“Golf, fishing, beauty therapy…micro-providers tend to think outside of the box. They deliver social care in different ways.”
The recent RSA research into micro-businesses has highlighted the potential for self-employed individuals and very small companies to be innovators, bringing new ideas to market.
Can the same mechanisms drive improvement in social care, a sector in which cash is scarce, staff turnover is high and the quality of service is often very poor?
At the University of Birmingham, we have looked at the innovative potential of micro-enterprises in the specific context of social care – delivering support to older people and people with disabilities. In a recent research study, drawing on 143 interviews with service users, carers and staff in 17 micro-enterprises and 10 larger organisations, we explored three distinct types of innovation: what innovations (what service is delivered), who innovations (who provides and receives a service) and how innovations (how a service is delivered).
We counted what innovations as types of social care support that differed from the ‘traditional’ offerings of day, domiciliary and residential care. We found many examples of micro-enterprises offering creative and holistic solutions to social care needs, especially for people with learning disabilities. These include power-pedalled smoothie bikes and football based support that use activities and exercise to enable social engagement and interaction. For older people, we found examples of micro-enterprises delivering new types of support, such as creative workshops in residential homes which enabled participants to showcase their artwork in a local library thereby creating opportunities for social engagement outside of the residential home setting.
The second type of innovation we identified is who innovation and relates to the people with which the organisations engage. Who innovations were displayed in two ways. First, micro-providers were able to support a more diverse range of people than larger care providers, including providing support to black and minority ethnic (BME) people in ways that were culturally appropriate. Second, some micro-enterprises had been set up by people who used services, especially people with learning disabilities. By empowering social care users to set up and run their own services, we found examples of community based organisations that were able to generate trust and shared understanding between the carers and people using the service.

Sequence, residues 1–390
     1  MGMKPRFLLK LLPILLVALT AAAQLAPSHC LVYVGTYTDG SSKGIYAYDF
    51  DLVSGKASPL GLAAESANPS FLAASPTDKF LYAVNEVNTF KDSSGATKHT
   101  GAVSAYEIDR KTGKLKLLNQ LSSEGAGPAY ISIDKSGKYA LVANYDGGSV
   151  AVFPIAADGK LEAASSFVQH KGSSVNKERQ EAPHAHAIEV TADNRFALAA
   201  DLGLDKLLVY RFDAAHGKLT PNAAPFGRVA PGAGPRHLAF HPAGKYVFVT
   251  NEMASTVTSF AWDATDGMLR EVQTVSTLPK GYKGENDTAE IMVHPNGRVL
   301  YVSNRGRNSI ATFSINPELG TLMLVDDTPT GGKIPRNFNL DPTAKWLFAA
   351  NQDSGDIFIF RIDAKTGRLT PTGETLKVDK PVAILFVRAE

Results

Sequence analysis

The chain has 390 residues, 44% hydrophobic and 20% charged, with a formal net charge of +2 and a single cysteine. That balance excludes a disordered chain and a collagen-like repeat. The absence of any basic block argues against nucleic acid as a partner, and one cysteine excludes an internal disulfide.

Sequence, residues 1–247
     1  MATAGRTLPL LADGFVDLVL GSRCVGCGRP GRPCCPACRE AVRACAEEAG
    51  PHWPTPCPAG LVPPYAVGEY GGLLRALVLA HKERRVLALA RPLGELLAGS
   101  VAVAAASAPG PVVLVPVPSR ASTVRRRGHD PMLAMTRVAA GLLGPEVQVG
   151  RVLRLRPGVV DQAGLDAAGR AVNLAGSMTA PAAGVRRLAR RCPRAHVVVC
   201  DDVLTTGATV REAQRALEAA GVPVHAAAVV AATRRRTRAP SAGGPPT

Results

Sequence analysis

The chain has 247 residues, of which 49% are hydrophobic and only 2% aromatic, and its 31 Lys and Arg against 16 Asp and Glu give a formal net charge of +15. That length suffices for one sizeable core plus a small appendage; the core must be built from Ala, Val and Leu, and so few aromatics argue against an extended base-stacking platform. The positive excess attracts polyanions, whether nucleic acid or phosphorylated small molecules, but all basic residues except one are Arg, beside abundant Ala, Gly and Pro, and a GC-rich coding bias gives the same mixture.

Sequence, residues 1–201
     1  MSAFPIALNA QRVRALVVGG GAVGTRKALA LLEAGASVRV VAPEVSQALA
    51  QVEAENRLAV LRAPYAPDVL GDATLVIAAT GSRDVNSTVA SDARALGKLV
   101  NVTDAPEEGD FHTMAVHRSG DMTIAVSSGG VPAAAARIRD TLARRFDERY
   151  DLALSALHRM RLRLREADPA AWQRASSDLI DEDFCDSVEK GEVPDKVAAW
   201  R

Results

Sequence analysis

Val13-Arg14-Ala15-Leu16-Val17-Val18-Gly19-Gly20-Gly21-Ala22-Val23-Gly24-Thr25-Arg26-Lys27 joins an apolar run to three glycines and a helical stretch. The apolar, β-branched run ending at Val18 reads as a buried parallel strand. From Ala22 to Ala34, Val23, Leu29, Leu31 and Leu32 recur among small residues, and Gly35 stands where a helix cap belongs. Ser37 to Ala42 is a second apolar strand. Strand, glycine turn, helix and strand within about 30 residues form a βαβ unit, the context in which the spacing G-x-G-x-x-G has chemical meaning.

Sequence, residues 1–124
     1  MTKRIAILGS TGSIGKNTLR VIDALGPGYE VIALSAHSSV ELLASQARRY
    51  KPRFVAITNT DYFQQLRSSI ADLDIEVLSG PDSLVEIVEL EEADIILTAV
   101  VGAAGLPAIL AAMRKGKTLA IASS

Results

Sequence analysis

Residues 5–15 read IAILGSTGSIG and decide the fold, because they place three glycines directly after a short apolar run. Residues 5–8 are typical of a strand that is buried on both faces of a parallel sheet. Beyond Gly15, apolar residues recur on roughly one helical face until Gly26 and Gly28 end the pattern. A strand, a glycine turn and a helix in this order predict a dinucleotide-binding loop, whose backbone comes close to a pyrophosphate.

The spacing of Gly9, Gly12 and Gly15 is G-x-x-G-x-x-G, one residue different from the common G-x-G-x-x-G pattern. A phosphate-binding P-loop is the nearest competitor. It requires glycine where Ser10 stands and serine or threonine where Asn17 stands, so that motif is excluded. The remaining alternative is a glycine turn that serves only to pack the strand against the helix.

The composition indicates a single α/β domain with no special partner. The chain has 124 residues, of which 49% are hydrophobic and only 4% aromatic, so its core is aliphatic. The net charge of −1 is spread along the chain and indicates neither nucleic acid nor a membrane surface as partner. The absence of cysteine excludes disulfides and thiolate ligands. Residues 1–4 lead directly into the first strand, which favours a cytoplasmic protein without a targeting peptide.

Most of the what and who innovations were more oriented towards younger people with disabilities. For older people, it was how innovations offered by micro-enterprises that were particularly significant. How innovations relate to the process through which a service is delivered and were particularly evident in home based support, with care being undertaken in ways that deviate from the dominant time-and-task model. Instead services were more flexible and personalised to the needs of those who use them. This finding fits with the conclusion of the recent RSA report on The Second Age of Small that it is in relation to ‘intangible’ innovation that micro-enterprises can really excel.
People running micro-enterprises felt that ‘smallness’ allowed new ideas for care and support to be developed and implemented quickly in response to the needs of those they support, whilst similar ideas may be stifled by the layers of bureaucracy within larger organisations. As one of the staff running a micro enterprise put it, “What you find is in big organisations is that you have to go through so many hoops and barriers to do everything. If you’re a micro enterprise you can respond every minute to what the needs are”.
We are not saying that innovation is unique to micro enterprises; indeed some of the larger care providers had greater resources and networks that allowed them to invest in innovation more than the micro enterprises could. However, what we can conclude from the research is that ‘smallness’ within social care services is generally conducive to the ‘intangible innovations that we call how innovations. Micro providers are generally more flexible, personalised and have better staff continuity than larger providers, especially within the domiciliary care sector.
Our research also showed that micro-enterprises offered better value for money than larger care providers, since they had lower hourly costs and achieved better outcomes. Together, these findings confirm that the RSA is right to celebrate the power of small.
A new book by Don and Alex Tapscott argues that blockchain could help shake up the sharing economy, push out middlemen, and make micro-entrepreneurs out of all of us. Benedict Dellot explores.